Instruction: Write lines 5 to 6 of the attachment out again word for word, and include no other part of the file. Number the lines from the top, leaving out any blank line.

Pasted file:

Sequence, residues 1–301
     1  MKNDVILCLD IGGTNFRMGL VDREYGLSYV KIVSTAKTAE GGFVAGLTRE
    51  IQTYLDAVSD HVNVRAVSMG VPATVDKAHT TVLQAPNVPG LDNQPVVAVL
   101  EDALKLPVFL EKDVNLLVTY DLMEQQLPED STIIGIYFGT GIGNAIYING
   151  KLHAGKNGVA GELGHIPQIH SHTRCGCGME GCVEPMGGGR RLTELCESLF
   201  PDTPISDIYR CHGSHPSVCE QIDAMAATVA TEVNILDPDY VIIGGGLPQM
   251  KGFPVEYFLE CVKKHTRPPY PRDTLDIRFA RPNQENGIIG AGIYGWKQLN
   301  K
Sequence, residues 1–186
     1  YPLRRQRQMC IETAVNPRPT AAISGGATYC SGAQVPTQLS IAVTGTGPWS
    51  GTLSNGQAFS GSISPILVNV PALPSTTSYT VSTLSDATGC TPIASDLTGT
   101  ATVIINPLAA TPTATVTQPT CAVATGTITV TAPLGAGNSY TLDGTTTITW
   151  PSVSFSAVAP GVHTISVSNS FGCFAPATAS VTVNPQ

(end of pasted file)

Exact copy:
   151  KLHAGKNGVA GELGHIPQIH SHTRCGCGME GCVEPMGGGR RLTELCESLF
   201  PDTPISDIYR CHGSHPSVCE QIDAMAATVA TEVNILDPDY VIIGGGLPQM